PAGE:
When Your Income Increases, Are Your Expenses Rising, Too?
I once heard the phrase, "Expenses rise to meet income." “Not me,” I thought. But to be honest, even an extremely frugal person like me lets expenses rise with income.
For most of my life (we’re talking quite a few decades), I watched broadcast television and library videos on hand-me-down TVs. Being a single parent, cable was not in the budget.
Letting Expenses Rise Unnecessarily
After my nest emptied and I had only myself to support, I started to envy friends and the great stuff they watched on internet streaming sites, so I started to pay for streaming. But because my TV was so old and dated, I had to move off the living room couch to a hard chair in front of my computer screen to watch shows and movies. I was okay with that, but my cat was not. We had a lot of disagreements about what was comfortable and what wasn’t.
So, I finally paid money for a new TV for the first time in my life. (I didn’t completely break the bank, though; it is a modest TV.) We were back on the couch for TV time, and harmony was restored to the household. But it meant I needed to buy other devices, like a digital antenna and a box to connect the internet to my TV. More expenses.
I could argue all this spending was justified to keep the cat happy, which makes my life easier. But the truth is, I didn’t need to pay for entertainment in the first place. There is still plenty to watch on broadcast TV; plus, my library is only two blocks away.
Reasons to Prevent Expenses from Rising to Meet Income
- Retirement. I have a cousin who always put her pay raises into her retirement account instead of spending it. Because of her diligence, she retired early with her husband and they are enjoying life very much. Setting aside money now from pay raises, savings on expenses and tax refunds can assist in meeting any quality of life goals post-retirement.
- Unforeseen events. It doesn’t take much — like car repairs, medical bills and broken appliances — to put a family into a financial tailspin. Nearly 70% of Americans have less than $1,000 in savings. Almost a quarter don’t even have a savings account. When your income rises, take that opportunity to put the additional monies into an emergency savings account. Money in the bank can bring greater peace of mind.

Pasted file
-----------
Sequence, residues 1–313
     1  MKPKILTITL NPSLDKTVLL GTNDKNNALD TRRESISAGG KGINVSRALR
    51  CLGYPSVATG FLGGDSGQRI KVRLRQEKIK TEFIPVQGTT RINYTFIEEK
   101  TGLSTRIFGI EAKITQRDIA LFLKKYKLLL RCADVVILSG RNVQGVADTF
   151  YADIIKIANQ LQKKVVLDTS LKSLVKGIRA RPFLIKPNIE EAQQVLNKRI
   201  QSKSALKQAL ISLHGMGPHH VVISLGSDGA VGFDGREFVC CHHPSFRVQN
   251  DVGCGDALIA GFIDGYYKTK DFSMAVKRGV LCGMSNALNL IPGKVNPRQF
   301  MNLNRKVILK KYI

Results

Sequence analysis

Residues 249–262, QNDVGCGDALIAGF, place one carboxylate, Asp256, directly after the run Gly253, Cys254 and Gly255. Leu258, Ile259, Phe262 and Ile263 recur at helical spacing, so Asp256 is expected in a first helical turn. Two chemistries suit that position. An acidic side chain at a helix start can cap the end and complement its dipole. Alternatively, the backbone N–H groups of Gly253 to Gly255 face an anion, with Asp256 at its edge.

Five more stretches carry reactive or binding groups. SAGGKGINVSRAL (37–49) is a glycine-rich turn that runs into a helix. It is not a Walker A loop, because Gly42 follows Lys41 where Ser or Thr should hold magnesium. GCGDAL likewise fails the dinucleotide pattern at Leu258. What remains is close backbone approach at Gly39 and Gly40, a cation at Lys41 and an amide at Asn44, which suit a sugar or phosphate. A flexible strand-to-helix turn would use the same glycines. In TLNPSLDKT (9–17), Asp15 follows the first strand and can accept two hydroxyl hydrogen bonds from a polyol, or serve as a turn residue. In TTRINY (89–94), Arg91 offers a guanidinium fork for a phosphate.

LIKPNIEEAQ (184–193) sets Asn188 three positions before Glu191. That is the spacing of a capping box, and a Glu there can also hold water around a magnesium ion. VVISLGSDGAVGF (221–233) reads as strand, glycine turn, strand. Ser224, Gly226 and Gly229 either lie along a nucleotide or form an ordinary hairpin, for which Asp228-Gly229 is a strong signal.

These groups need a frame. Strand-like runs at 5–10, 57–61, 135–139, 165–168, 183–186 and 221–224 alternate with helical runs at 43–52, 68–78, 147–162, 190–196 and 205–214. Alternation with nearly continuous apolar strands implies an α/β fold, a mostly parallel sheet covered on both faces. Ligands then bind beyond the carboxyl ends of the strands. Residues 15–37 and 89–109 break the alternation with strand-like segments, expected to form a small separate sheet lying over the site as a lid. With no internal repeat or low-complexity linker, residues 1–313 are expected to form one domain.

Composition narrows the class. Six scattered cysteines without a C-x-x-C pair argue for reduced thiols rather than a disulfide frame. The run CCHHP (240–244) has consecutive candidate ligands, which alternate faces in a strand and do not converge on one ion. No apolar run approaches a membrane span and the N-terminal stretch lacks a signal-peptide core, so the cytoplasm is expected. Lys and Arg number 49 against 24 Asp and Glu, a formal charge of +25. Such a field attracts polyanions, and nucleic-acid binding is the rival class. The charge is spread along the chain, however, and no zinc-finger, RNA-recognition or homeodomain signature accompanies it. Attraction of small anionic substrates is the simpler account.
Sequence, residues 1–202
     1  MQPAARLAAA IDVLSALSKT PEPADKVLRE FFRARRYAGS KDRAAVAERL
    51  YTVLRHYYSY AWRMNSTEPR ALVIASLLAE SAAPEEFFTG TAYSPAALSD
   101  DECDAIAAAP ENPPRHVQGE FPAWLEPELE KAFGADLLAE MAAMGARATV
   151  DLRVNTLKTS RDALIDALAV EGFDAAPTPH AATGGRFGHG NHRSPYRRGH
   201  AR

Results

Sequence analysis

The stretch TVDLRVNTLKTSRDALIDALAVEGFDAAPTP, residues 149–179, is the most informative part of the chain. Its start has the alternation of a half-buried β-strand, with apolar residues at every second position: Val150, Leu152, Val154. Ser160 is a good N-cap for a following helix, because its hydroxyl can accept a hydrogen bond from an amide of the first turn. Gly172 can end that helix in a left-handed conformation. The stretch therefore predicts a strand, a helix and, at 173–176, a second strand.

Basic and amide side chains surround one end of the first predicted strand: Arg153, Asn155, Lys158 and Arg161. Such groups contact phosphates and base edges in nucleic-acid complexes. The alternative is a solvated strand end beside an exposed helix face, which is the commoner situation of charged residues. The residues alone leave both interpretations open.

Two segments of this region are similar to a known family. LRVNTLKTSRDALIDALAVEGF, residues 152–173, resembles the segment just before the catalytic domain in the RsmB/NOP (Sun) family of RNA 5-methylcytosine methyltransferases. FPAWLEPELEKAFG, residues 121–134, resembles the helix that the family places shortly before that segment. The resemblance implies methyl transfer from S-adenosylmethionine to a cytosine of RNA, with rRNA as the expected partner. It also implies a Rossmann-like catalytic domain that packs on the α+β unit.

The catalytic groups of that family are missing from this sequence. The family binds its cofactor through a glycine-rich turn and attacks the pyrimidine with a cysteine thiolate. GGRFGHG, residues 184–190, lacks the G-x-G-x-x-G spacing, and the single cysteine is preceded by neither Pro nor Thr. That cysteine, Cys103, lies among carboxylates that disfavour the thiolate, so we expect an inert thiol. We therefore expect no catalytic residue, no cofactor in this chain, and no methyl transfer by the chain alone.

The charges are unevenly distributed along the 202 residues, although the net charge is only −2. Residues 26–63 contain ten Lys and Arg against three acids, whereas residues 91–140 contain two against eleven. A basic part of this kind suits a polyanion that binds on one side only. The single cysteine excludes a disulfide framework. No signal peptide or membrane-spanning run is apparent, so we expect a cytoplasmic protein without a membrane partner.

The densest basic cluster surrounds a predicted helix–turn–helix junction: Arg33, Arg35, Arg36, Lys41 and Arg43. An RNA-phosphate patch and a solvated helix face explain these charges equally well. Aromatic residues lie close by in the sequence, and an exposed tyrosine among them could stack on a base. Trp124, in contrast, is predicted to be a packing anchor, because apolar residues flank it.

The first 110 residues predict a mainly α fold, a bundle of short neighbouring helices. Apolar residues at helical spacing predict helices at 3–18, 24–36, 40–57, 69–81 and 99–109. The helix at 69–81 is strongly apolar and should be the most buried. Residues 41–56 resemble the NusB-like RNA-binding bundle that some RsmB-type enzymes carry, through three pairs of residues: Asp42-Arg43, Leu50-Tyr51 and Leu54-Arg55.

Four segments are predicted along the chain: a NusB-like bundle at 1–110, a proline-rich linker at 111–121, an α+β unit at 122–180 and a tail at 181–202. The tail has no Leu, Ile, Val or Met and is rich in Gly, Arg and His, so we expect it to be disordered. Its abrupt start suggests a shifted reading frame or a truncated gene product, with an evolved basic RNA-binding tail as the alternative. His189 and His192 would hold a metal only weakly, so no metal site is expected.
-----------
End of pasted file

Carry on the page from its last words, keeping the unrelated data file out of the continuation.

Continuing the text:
- Reduced income. Keeping monthly expenses to a minimum will make it so much easier to weather a big drop in income – whether through a layoff, divorce or injury/disability. This is extremely beneficial when one is not tied to expensive phone contracts or a new car payment.
Be Cautious Before Taking on New Expenses
I’m not suggesting we always have to deny our wants. Before you get locked into a new expense, though, take time to consider both the pros and cons.
- Review your retirement and/or emergency savings. Are they sufficient?
- Ask yourself how necessary the expense is. Can a cheaper car suffice? Does everyone in the family need a new phone? How many streaming or gaming services can you realistically use?
- Remind yourself how marketing and advertising manipulates us into spending our hard-earned money on unnecessary stuff.
Save that new money! I guarantee you’ll thank yourself someday.
LSS Financial Counseling offers free counseling for budgeting, debt, credit, student loans and housing. Find us online at lssfinancialcounseling.org, or call us at 888.577.2227 for a free, confidential appointment.
Mary Ellen Kaluza is a Certified Financial Counselor with LSS Financial Counseling,